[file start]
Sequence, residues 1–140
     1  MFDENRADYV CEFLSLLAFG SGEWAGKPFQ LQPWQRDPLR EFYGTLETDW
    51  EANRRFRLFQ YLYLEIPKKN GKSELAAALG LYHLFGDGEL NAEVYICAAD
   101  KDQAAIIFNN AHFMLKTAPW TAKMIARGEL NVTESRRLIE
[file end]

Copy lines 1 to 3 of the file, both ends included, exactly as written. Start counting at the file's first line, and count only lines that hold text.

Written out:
Sequence, residues 1–140
     1  MFDENRADYV CEFLSLLAFG SGEWAGKPFQ LQPWQRDPLR EFYGTLETDW
    51  EANRRFRLFQ YLYLEIPKKN GKSELAAALG LYHLFGDGEL NAEVYICAAD